Business & FinanceLaw

Labor Laws in a Small Business Setting

When starting or running a small business, you have to fulfill your legal obligation, including adhering to labor laws. The laws govern the relationship between employers and employees, and non-compliance may lead to legal problems. Lawsuits can ruin your company image and cost you heavily in terms of fines and revenue. To avoid running into legal issues and jeopardizing your business, here are four labor laws in a small business setting to help you stay compliant.

1. The Fair Labor Standards Act (FLSA)

The Fair Labor Standards Act regulates the minimum wage, overtime pay, child labor standards, employee classification, and record-keeping. Any business with one or more employees should adhere to the FLSA by paying their employees reasonable income for hours worked.

While employers have the right to determine employee working hours, the law requires employers to pay for overtime at a rate of” time and one half” of regular pay rates to those who work for more than 40 hours a week. Note that school-going employees below the age of 17 may not work for more than 9 hours on any given day.

In cases where your customers leave tips for your employees, the FLSA prohibits employers and managers from sharing them. Depending on your state, you may pay your workers the minimum wage and let the tips account for the difference.

However, you should first make sure that your employees’ total hourly pay meets or exceed the state’s minimum wage. Lastly, the FLSA regulates how long you can keep your employee’s record. For example, you should maintain your employee’s time card for two years, whether or not the employee still works for you.

2. Workplace Safety and Health Laws

As an employer, you must provide a safe workplace for your workers. The Occupational Safety and Health Act (OSHA) ensures that workers have access to safe working environments and applies to businesses with one or more employees.

However, OSHA regulations do not apply to freelancers or contractors. In case of an inspection by the OSHA officials, your business may suffer fines if it doesn’t meet OSHA standards. Also, you may not retaliate against an employee that files a complaint due to an unsafe or unhealthy working environment.

Some of the OSHA regulations businesses should adhere to include hanging an OSHA poster on the business premises, making hazardous materials around the workplace identifiable, and training employees to handle exposure to harmful substances. The law also requires employers to report any accidents that lead to hospitalization or death of employees and maintain records of their compliance efforts.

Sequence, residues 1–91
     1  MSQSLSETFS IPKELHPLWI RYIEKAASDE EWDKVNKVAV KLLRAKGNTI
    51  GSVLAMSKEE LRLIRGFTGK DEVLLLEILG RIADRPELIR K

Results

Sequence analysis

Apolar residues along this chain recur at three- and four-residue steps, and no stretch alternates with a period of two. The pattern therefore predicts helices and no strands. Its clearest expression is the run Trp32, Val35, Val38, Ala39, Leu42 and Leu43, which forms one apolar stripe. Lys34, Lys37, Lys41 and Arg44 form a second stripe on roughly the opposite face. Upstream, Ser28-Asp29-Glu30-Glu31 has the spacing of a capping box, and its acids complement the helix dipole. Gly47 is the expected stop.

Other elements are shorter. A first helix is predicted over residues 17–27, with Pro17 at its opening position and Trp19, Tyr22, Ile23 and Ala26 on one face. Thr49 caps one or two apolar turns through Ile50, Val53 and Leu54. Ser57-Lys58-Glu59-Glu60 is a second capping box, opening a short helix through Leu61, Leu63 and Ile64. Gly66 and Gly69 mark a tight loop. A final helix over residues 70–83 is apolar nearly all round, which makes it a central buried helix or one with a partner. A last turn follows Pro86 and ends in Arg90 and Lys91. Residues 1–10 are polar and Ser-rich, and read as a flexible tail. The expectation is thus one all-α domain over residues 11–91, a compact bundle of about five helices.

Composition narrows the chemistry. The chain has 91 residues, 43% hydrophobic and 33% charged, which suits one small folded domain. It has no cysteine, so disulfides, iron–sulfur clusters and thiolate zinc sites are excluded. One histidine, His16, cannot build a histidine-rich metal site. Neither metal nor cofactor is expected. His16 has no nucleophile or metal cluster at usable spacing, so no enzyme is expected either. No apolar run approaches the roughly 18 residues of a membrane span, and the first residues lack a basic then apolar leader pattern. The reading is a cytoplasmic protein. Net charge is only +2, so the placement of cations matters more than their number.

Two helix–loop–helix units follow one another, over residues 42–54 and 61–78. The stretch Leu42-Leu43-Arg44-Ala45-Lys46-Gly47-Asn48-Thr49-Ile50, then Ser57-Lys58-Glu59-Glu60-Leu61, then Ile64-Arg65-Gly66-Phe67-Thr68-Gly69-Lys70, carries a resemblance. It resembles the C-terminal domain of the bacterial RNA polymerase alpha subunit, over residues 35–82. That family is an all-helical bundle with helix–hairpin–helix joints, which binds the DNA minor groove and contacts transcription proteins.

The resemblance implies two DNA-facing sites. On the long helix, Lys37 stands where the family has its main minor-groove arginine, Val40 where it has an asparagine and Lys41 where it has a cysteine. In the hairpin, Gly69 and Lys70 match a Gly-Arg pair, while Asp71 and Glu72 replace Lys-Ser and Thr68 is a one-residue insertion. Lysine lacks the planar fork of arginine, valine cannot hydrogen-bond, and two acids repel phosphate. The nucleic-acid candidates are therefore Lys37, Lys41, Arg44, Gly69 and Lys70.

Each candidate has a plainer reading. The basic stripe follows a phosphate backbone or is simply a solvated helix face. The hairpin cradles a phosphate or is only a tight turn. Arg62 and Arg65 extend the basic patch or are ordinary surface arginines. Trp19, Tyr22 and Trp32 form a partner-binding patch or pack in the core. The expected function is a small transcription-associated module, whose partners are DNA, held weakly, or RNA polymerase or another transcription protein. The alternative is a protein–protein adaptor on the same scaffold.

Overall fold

3. Equal Employment Opportunity Laws

Various laws protect employees in small business settings from discrimination at the workplace. Usually, these laws fall under the Equal Employment Opportunity Commission that oversees the implementation of the laws.

Some of the regulations that small businesses should watch out for include the Title VII of the Civil Rights Act 1964 and the Equal Pay Act. The Civil Rights Act protects employees from discrimination based on protected characteristics, including race, religion, color, and national origin.

Other laws, including the Americans with Disabilities Act and Age Discrimination Act, protect employees from discrimination due to disability and age, respectively. The Equal Pay Act of 1963, on the other hand, requires employers to offer equal pay to women as their male counterparts for doing the same job.

The law ensures that women do not get less pay for the same job as men. Note that the equal employment opportunity laws cover every aspect of employment, ranging from hiring and promotion to termination of the contract.

4. Family and Medical Leave Act(FMLA)

According to the FMLA, employees are entitled to 12 weeks of unpaid leave annually for medical and health reasons. As an employer in a small business setting, the law requires you to grant your employees leave days for reasons including birth and adoption of a child, medical treatment, and care of a new child or ailing family member.

While the law prohibits you from interfering with the employee’s leave, you can require your staff to fill a request form and provide supporting documentation to prove that they qualify for the leave under the FMLA.

Although it applies to all government levels, FMLA only covers private companies with 50 or more employees. Also, permanent, part-time, seasonal, and temporary employees can qualify for the leave under the act.

Since there are numerous reasons that employees may ask for a leave, knowing the qualifying reasons ensures you don’t infringe on your employee’s rights. It also allows you to minimize the abuse of leave days by employees.

Besides the above laws, every state has laws that employers should follow. As a small business owner, you must familiarize yourself with federal and state laws to ensure compliance. You can get more information about labor laws governing small businesses by working with an employment expert. If you are an employee and feel like your employer has infringed on your rights, always consult an employment attorney for legal advice before taking action.

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